When I started my dissertation, I knew that it would be hard to keep myself productive and motivated on a year-long, self-planned schedule. What I didn’t realize until recently was that the key to keeping myself on that schedule was not to plan monthly deadlines, but to manage my hourly productivity each time I sat down to work. I’d sit down for an afternoon of research or writing, hit a block (obstacles are everywhere in a dissertation!), and spend 2-3 hours chasing bad leads, looking for distraction, or just staring and waiting for inspiration. Apparently, even a 4 hour block of time is too long for me to be left unsupervised! Enter 30/30.
How People Change answers the perennial question, “How do I really grow as a Christian?” Lane and Tripp identify a major problem in Christianity: church life, Biblical preaching, and knowledge of God often are disconnected from actual change in behavior and lifestyle (ch 1). After identifying this gap, the authors examine several common “solutions” to this problem, but point out how those ideas fall short or lack essential biblical truths (ch 2). They then orient the book by pointing the reader clearly at Christ’s image by emphasizing our hope in future salvation (ch 3) and our certainty in our present union with Christ (ch 4). After offering this essential hope, they give the needed reminder that relationships with other Christians are key to seeing change (ch 5).
Reading the Bible on my iPad is my new favorite way to do regular reading and meditation. I look for two things in a Bible app: a clean display of the text (without notes / links / distractions) and the availability of help if I want to read more. I also appreciate an app that can track my Bible reading progress and remind me to follow my plan. I’ve found some good apps that give the simplicity of focusing my eyes on the text alone, allow quick access to notes and cross-references if I want to study, and help me track my Bible reading progress.
The Trinitarian view of preaching presented in The Supremacy of God in Preaching (John Piper) gives a clear God-ward focus to this part of ministry. The goal is God’s glory; the foundation is Jesus’ cross-work; the power is the Holy Spirit. Also, the pairing of gladness and gravity as the two essential things to communicate is a useful guard against both externalism and flippancy. Throughout the book, exhortations to an earnest preaching ministry abound, filling out the practical counsel with solid motivation.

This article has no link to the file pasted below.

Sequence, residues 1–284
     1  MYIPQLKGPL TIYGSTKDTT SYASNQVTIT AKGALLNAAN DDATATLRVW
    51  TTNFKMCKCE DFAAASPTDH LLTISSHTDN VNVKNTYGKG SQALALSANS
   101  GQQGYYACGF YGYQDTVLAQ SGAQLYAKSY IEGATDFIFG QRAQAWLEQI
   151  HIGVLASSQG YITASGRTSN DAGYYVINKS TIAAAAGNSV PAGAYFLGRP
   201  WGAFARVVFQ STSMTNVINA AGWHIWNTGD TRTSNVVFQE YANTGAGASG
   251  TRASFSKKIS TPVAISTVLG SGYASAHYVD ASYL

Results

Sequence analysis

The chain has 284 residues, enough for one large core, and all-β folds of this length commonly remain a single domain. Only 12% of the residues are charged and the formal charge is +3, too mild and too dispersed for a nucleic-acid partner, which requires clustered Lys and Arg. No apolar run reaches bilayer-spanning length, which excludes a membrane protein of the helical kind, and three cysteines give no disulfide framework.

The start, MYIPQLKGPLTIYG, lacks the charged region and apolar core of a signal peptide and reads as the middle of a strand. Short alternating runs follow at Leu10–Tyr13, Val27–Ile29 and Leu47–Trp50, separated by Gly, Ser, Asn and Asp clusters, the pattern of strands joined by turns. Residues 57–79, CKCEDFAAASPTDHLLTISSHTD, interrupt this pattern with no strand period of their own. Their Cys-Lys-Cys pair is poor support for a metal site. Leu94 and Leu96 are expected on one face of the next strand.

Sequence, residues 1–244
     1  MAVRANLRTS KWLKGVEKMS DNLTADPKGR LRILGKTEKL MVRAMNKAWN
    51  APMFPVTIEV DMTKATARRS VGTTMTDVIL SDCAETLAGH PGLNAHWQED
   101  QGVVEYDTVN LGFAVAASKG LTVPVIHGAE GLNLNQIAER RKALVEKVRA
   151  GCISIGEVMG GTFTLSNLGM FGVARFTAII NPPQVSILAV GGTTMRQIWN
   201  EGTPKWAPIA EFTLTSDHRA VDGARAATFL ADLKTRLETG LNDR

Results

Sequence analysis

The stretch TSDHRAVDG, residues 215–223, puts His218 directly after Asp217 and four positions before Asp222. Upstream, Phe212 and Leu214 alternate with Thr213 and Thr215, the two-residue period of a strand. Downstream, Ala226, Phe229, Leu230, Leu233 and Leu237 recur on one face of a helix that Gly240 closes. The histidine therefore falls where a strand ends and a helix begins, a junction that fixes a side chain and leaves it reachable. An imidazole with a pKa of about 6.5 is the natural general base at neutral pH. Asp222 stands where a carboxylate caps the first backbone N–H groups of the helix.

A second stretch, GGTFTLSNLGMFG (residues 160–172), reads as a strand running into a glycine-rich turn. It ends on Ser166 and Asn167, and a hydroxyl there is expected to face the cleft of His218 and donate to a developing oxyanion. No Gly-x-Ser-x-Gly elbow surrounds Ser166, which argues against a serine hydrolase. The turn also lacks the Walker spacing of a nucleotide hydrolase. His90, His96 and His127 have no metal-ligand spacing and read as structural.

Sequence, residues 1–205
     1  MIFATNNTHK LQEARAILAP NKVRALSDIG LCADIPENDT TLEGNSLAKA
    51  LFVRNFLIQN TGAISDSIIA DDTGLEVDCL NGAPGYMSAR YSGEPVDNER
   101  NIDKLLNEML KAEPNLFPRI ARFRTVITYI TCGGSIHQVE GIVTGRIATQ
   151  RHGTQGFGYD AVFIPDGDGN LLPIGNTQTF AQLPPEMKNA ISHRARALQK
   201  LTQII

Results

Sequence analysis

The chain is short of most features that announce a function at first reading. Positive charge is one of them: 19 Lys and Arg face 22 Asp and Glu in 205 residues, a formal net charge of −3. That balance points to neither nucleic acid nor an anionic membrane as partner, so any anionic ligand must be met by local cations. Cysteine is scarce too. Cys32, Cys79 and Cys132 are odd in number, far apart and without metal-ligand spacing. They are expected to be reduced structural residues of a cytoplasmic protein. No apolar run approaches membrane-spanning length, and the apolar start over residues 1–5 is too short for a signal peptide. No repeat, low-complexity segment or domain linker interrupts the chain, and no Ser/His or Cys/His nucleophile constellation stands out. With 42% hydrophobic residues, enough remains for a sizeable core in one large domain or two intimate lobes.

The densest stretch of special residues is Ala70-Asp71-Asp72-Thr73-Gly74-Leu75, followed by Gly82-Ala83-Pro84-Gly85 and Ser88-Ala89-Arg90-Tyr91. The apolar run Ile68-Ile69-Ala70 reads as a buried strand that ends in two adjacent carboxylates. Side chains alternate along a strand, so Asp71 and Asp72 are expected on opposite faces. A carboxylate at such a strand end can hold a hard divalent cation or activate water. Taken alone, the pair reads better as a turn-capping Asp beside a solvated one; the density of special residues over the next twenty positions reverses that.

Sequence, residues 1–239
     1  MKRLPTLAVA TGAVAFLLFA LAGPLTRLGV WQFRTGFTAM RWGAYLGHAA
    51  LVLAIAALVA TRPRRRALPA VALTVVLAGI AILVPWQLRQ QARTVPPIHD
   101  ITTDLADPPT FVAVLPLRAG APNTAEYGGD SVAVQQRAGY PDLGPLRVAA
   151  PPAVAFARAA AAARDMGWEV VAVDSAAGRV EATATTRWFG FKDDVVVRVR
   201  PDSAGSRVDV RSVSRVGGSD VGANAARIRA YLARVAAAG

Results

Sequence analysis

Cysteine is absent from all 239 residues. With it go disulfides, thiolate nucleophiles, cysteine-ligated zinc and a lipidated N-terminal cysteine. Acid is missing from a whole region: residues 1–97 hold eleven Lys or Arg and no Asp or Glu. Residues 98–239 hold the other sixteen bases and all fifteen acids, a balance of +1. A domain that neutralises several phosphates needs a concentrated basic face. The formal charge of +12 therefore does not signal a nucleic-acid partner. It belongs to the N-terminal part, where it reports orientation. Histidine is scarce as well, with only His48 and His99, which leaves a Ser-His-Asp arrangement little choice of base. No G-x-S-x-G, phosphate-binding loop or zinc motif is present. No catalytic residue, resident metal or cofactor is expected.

Dr. Robert Bell’s book The Theological Messages of the Old Testament Books contains a wealth of information and serves as a useful resource for Bible students at both the intermediate and advanced levels. The book begins with an introduction to the discipline of biblical theology and an explanation of the book theology method utilized in the content chapters. Following this introduction, Bell presents the theological messages of the Old Testament books in thirty-three chapters (combining Judges & Ruth; 1 & 2 Samuel; 1 & 2 Kings; 1 & 2 Chronicles; and Obadiah, Joel, & Zephaniah). The book concludes with four appendices (bibliography of book theologies, sermon on a theological theme, sermon on a book theology, and a chart of each book’s theme) and an author index.
]Last night, SoundForth presented its latest CD in the Bible Conference premiere concert. God of Mercy is an excellent collection of new and old hymns sung and played by the BJU Singers & Orchestra.
Scott Aniol of Religious Affections Ministries recently released a CD of vocal solos and duets called God Himself Is With Us. This CD of worship music focuses on what God has done to save sinners and how saved sinners should respond to God. As a whole, the music is meditative and clear; the arrangements quietly complement the thought-provoking texts.
God gives gifts to men and men glorify him by excelling in those gifts – whether they’re saved or not. All people bear God’s image (marred, yes, but God’s image nonetheless) and when they reflect his creativity and beauty and joy through musical talents, that brings glory to their Maker.